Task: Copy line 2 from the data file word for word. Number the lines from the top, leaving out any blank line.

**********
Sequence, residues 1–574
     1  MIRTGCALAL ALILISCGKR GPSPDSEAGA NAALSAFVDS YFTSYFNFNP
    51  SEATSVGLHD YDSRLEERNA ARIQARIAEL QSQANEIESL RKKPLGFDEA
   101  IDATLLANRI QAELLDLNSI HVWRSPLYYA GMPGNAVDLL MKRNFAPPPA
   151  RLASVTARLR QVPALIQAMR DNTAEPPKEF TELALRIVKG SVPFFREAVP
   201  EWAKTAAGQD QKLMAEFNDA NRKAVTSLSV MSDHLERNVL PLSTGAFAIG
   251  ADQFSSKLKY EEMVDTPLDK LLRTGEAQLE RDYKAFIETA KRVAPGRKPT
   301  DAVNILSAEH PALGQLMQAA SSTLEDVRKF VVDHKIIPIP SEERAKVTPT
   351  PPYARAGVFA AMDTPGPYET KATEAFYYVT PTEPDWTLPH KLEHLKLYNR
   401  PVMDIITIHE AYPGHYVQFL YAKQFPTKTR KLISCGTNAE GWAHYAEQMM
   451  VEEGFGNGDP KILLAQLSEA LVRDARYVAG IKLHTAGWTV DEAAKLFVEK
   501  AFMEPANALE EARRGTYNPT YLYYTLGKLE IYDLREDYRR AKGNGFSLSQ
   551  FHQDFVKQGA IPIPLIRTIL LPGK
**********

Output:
     1  MIRTGCALAL ALILISCGKR GPSPDSEAGA NAALSAFVDS YFTSYFNFNP